One of the most fun action pictures of its decade, Point Break turned Keanu Reeves from Bill & Ted joker to a bonafide star. As FBI Agent Johnny Utah, Reeves infiltrated Swayze's cult of quasi-hippie thieves. While thoroughly silly, the movie is intense. Bigelow keeps the camera moving with dazzling chase sequences, surf footage and more than one skydive.
Ahead Of Its Time
In 1995, Bigelow directed Strange Days, written by James Cameron. The pair had already been married and divorced, but that didn't stop them from making this movie together. Hollywood!
Strange Days is a science fiction masterpiece (so obviously that means it had to be a box office flop). No matter – you can stream this 20 years later and recognize how great it is. Its plot hinges on a future tech that records experiences that can then patch into a viewer's cerebral cortex. Ralph Fiennes is a hustler of thrill “decks,” who then gets caught up in an elaborate conspiracy. The film's vision of the year 1999 is an over-the-top dystopia and there are numerous single-take shots meant to make film students bow their heads in obeisance.
After Strange Days Bigelow's work took a bit of a dip. She tried her hand at television, directing some episodes of Homicide: Life on the Streets, and also made the extremely dull submarine flick K-19: The Widowmaker with Harrison Ford and Liam Neeson.
Then came her second act.
Produced independently, she partnered up with investigative journalist Mark Boal for The Hurt Locker and made history.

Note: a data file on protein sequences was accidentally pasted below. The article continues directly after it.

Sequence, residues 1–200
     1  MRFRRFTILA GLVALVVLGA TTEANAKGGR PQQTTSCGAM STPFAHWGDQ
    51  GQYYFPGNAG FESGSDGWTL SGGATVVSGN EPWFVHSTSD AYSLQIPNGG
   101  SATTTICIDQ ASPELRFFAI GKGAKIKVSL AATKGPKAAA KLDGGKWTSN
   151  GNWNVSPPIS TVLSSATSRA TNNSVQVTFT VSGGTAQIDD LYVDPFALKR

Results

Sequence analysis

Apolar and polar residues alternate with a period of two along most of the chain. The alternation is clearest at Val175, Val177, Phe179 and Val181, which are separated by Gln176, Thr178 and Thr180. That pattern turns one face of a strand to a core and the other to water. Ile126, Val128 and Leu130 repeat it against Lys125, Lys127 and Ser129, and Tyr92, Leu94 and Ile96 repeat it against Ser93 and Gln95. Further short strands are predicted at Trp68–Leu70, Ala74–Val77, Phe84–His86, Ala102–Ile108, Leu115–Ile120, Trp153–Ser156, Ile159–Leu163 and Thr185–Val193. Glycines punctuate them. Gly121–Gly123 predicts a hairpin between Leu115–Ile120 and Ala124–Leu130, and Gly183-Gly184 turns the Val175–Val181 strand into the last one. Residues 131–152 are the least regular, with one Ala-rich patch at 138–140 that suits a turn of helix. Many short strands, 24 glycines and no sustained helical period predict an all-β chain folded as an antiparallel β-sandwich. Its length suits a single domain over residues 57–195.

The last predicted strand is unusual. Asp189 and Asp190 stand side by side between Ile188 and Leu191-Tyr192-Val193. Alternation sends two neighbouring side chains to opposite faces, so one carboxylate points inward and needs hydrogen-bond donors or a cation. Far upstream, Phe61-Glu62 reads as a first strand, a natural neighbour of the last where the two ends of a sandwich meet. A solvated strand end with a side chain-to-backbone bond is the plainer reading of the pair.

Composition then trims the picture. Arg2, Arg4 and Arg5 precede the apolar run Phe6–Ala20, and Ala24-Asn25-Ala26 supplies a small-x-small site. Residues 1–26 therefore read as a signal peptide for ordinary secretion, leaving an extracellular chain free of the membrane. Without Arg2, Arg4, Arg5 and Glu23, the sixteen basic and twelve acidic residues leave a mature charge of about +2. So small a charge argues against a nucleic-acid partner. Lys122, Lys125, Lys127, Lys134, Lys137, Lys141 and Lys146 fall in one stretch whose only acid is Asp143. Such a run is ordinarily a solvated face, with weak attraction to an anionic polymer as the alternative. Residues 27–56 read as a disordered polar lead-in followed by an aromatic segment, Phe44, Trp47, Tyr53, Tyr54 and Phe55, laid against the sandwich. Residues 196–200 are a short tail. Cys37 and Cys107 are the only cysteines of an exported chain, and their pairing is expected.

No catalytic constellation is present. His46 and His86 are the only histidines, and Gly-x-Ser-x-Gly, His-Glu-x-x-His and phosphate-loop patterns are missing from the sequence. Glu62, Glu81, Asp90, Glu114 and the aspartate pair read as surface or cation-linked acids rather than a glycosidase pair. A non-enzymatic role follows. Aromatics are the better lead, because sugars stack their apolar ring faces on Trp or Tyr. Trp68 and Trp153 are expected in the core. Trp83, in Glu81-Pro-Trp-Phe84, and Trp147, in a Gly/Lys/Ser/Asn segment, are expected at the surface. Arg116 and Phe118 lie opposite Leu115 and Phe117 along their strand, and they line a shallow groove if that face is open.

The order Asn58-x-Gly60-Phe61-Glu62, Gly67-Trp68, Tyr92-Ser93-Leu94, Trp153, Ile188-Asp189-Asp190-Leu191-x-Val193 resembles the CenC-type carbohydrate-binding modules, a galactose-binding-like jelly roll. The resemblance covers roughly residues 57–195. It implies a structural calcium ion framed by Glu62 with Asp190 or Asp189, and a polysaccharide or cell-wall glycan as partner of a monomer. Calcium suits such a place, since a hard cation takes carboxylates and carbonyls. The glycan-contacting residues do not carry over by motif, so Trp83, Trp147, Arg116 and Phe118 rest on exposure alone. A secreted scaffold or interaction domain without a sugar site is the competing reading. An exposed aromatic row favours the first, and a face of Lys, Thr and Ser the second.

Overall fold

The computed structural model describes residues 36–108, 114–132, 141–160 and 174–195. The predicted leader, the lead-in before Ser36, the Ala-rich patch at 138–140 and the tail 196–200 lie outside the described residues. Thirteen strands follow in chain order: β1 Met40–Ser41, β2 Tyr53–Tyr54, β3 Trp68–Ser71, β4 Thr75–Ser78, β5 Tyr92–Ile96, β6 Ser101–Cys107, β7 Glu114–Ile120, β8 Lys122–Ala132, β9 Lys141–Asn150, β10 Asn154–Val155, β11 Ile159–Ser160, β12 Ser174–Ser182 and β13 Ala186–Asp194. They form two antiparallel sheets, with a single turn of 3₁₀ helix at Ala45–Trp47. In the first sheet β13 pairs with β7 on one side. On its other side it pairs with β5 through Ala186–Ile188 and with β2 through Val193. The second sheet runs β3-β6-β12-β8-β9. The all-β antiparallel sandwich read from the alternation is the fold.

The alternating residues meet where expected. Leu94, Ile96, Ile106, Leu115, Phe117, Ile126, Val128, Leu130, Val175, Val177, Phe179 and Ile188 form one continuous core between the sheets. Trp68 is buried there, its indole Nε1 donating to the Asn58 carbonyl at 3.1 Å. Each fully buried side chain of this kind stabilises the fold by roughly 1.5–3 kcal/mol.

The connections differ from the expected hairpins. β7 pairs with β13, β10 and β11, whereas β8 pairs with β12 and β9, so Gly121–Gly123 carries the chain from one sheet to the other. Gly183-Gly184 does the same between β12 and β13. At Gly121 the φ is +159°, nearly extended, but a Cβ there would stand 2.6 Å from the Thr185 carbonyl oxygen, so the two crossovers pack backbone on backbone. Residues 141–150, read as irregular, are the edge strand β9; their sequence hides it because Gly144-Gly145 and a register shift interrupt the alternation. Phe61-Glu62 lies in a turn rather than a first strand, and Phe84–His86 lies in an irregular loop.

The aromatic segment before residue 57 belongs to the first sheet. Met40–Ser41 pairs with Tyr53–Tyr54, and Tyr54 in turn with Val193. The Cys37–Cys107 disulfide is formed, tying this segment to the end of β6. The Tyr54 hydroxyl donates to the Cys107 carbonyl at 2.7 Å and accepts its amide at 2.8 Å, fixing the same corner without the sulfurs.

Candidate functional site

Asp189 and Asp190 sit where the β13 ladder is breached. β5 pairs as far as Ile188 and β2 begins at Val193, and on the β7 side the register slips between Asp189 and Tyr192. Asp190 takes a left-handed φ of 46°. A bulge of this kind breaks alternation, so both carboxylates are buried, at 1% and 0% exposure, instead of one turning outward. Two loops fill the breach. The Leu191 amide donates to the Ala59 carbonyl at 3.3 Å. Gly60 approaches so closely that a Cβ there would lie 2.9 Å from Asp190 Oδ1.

Prior to 2008 there had yet to be any film about the Iraq conflict that connected with critics or audiences. The Hurt Locker nailed it because of its apolitical nature – it was about bomb technicians doing what they do. Bigelow's years of making action cinema were laser focused on the intense scenes of bomb disposals, or being pinned down by snipers. The film won the Best Picture Oscar (as did Boal for Best Screenplay) but more importantly, Bigelow became the first woman to win the Best Director prize.
As fate would have it, Bigelow beat out her ex James Cameron and his Space Smurfs bonanza Avatar. While it is tempting to treat it as the ultimate comeuppance, the two filmmakers seem to have no bad blood between them. Indeed, Bigelow showed the self-proclaimed King of the World the script to The Hurt Locker at an early stage, and he urged her to drop everything and make the film.
"I'm The [Expletive Deleted] Who Found Bin Laden"
What did Bigelow do after her big win? She teamed up with Mark Boal again and made (in my opinion) an even better movie. Zero Dark Thirty is an epic, from-the-headlines espionage thriller that just happens to be about the most important and emotional manhunt in modern history. Maybe all history, who knows?
As in her breakthrough Blue Steel, Bigelow cast a woman (Jessica Chastain, in her best performance) as the unflappable, somewhat unknowable “project manager” on the front-lines looking for Osama Bin Laden.
In December of 2014 Bigelow helped launch lastdaysofivory.com with a short, harrowing film called Last Days. Mixing animation and found footage, the under-four minute film shows the ramification of buying a small trinket made from ivory.
In addition to the damage being done to endangered elephants by poachers, the film shows how the proceeds from this illegal market directly funds a number of well-known and despicable terrorist groups like Boko Haram.